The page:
No beanbags but vibes. Did you meet Harold Budd? Because he’s now a legend in ambient music as well. Or were you just working with his tapes?
I did meet Harold Budd. The initial record we recorded was called The Plateaux of Mirror, and then that went well – Harold Budd then came up to Canada for the next one, and that was called The Pearl, and we recorded everything in my studio for that one, including the piano. And that’s a very beautiful record, for those who haven’t heard it. The Pearl. And then we went on to another record called Apollo – Apollo: Atmospheres & Soundtracks – and it got pretty interesting when we got to that body of work.
It was meant to be a soundtrack for a documentary about the space missions, and some of the astronauts were from Texas, so they had quite a twang to them – their accent – and there’s one track called “Deep Blue Day” that is kind of a slowed-down, spacey, western song. I said, “Brian, I’ve got my steel guitar in the closet. Let me drag that out and see if it works.” So that was the beginning of introducing the steel guitar, on that Apollo record, and that turned out to be a lovely formula. For those who might have seen the movie called Trainspotting, the track “Deep Blue Day” is in the toilet bowl scene [laughs]. Music for Toilet Bowls.
Diving after a suppository. You can’t have had that in your mind when you were making it, that a Scotsman would be swimming after a…
Yeah, yeah. No, it’s pretty funny, yeah. Bless those filmmakers.
Did you have any sense that what you were doing was groundbreaking and exciting at the time, or was it just this project?
Well, I didn’t have that sense as we were working, and I never think that way while work is going on. We just pour our hearts and souls into the work, and I realized a few years later that it was a very unique body of work. In fact, even though I had a string of pop hits in Canada as a record producer leading up to the Eno chapter, it’s that Eno work, that atmospheric and ambient work, that got me noticed by some European folks like Peter Gabriel and U2.
“It’s all bleeding together for me these days. I’m not driven by compartments very much. Not that I ever was, but I’m less than ever now.”
Which, well… you did very well out of that.
We did pretty good at it. Me and Brian, we were very synchronized at that time, philosophically, and when the chance came to work with U2, we went to Ireland and introduced all those ambient sounds to them. There’s a record that we made with them called The Unforgettable Fire. It’s quite an atmospheric and beautiful record. So that’s what we brought to the table.
And do you ever see a boundary between the kind of experimental stuff where you’re just free to do what you want and these commercial, huge-sounding, stadium fist-pumping records?
Well, it’s all bleeding together for me these days. I’m not driven by compartments very much. Not that I ever was, but I’m less than ever now. I see that people have appetites for all kind of unique approaches as listeners. People want things that are dynamic and challenging and are fresh-sounding. And I think they appreciate when something comes from the right place.
Yeah, sure — from the songs you were playing onstage today, I could hear these very traditional rock songs, then you’re into percussion textures and intense sound, and just the sonics, and then into a kind of dub reggae, slide guitar tune.
There’s a slight Jamaican slant to the numbers, and I really like that. I’ve hung my hat in Jamaica for a good twenty years now. I keep a little place in Negril, and there’s a little local bar that’s down the street from my place, and I went there late one night and Lee “Scratch” Perry was sitting next to me, and I thought, “This is a sign” [laughs]. So I fancy myself the Lee “Scratch” Perry of Quebec.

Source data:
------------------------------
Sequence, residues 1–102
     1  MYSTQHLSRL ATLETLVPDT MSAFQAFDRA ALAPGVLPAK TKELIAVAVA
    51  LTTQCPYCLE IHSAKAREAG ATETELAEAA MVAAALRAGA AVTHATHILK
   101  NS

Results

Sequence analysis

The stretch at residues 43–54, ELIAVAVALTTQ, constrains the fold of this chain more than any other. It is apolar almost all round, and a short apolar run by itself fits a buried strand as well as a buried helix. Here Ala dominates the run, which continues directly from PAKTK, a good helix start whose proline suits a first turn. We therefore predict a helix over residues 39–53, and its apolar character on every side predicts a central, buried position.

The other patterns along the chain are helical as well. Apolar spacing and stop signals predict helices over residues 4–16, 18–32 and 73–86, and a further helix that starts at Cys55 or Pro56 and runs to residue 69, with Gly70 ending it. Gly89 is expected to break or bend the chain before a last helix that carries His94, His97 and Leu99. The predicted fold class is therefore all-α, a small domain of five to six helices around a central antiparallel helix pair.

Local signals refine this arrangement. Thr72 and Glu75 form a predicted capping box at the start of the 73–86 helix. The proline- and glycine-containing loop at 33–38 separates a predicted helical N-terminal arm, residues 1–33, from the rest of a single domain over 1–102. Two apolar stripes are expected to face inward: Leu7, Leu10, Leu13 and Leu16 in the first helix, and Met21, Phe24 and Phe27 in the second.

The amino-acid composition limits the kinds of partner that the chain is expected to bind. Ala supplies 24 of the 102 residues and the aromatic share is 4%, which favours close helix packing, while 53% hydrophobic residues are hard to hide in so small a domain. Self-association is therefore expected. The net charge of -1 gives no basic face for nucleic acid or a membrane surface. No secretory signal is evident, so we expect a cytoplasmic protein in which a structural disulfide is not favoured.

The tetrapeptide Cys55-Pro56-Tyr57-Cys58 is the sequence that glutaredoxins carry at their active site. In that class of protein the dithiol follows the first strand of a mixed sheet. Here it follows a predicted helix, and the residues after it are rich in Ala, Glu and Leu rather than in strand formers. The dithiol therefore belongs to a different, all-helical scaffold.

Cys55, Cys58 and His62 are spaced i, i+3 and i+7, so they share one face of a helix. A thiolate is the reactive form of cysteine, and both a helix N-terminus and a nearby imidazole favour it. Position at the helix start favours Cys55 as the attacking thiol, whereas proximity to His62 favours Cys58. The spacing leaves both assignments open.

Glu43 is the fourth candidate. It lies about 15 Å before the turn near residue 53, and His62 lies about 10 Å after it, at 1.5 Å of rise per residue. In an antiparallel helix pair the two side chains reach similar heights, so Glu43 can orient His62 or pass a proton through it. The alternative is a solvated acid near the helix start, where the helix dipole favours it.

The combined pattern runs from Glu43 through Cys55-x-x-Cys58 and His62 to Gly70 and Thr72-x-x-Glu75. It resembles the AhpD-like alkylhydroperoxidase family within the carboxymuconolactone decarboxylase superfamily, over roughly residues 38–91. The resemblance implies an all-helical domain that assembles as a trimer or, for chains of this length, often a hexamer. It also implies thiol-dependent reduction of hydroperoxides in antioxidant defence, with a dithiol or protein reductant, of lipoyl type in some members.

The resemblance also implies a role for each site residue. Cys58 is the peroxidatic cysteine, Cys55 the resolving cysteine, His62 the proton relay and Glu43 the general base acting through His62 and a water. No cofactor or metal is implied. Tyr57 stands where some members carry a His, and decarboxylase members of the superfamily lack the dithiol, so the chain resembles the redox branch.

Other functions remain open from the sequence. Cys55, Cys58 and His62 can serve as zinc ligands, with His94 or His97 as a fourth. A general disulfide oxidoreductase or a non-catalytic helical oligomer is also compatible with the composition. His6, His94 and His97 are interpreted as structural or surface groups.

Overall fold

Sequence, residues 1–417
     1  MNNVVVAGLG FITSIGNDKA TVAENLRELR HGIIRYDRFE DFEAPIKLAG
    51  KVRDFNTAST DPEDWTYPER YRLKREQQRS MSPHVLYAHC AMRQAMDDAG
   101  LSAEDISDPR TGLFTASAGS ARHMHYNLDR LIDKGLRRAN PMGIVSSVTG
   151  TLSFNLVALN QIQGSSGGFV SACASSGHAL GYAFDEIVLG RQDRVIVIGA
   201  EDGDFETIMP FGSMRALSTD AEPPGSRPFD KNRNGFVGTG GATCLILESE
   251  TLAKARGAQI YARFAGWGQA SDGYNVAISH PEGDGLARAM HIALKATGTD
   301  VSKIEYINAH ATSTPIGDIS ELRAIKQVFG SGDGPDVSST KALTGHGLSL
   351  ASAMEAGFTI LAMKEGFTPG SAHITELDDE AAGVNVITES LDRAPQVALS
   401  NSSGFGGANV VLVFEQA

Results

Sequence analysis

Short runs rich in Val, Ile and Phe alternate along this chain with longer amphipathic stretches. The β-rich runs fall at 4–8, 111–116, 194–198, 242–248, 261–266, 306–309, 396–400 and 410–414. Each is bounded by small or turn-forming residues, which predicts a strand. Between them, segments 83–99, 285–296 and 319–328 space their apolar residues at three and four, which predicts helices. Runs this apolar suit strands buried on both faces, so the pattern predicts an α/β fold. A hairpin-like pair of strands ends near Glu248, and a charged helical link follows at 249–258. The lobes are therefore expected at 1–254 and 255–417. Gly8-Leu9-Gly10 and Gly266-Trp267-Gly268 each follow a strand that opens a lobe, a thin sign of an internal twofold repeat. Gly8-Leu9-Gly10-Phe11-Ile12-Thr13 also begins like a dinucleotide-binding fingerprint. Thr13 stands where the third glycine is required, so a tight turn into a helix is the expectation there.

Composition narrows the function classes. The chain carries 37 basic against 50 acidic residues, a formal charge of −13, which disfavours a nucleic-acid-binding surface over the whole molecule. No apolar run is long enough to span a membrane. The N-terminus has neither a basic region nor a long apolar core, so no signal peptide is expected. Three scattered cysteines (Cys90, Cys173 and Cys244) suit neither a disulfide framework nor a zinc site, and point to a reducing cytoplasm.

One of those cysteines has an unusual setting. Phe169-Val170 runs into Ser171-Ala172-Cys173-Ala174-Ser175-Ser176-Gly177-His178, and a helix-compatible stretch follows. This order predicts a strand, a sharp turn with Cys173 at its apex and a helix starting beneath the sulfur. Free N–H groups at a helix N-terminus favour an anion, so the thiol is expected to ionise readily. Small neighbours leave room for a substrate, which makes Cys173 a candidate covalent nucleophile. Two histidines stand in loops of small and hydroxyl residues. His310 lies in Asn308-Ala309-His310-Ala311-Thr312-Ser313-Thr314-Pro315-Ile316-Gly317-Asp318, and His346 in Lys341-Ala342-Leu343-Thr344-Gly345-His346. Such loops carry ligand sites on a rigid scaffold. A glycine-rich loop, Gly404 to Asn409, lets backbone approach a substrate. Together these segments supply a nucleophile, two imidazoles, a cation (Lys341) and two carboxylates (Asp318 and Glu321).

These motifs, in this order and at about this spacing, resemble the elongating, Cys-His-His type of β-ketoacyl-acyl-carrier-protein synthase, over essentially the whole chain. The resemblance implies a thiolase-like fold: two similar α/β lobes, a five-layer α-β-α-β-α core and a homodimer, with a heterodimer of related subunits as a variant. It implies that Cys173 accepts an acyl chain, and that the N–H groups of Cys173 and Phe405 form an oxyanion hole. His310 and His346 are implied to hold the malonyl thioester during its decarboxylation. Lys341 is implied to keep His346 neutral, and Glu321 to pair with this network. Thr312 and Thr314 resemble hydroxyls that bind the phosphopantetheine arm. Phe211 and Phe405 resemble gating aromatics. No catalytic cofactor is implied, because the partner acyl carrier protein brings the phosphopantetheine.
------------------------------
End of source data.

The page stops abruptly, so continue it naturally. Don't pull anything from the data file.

There were some elements in there, and in the new album, in fact, that touched on what John Martyn did with Lee “Scratch” Perry, funnily enough.
On his Solid Air and songs like “Big Muff,” he was working with Lee “Scratch” Perry.
Using his kind of Echoplex guitar — was John Martyn ever an influence on your sound?
Well, if it’s the John Martyn I’m thinking of — did he write “May You Never”?
Yeah, Scottish folk guy.
[sings] Yeah, yeah. I should familiarize myself with the Lee “Scratch” Perry record. I wasn’t aware of that, but I know a bit of John Martyn. Very good writer.
He lived in Jamaica as well. And you know, he was experimenting a lot with Echoplex guitars and so on, which I guess the Edge was consciously or unconsciously –
Oh, yeah, yeah – he discovered a Memory Man echo machine as a kid, and it became part of his sound, and mastered that pretty good. Yeah, I mean, it’s easy to get hooked on that Jamaican stuff, especially that old Jamaican rock ‘n’ roll. It’s just so pure and wonderful and rhythmic. So I still go back to those records now and again just to cleanse my head, you know?
“What’s nice about experimental and ambient or electronic music is you don’t need the big studios: you can work in a closet somewhere.”
And were you aware of the influence that the ambient records were having later on? I mean, you know, I’m a late-eighties, nineties kid. We all have our time when we hear the music the most, and mine was in the rave years. Going in the back rooms, people were playing those Eno records.
I was told about the wave that it created in the ambient music community, and I bumped into a lot of people that said to me, “We wouldn’t be doing what we’re doing if it hadn’t been for your work with Eno on the ambient records.” And I’m very touched by that, because you never make records thinking those thoughts, you just do the best work you can, and it’s nice if it can touch hearts, and even nicer when it’s original work, and an angle that hasn’t been used before. But beyond the specifics of style, it set a certain kind of standard of expectation in my mind about originality, and we like to think that we operate under the banner of soul music – music that just feels right and comes from a truthful place.
Sure. So you didn’t really follow the electronica world?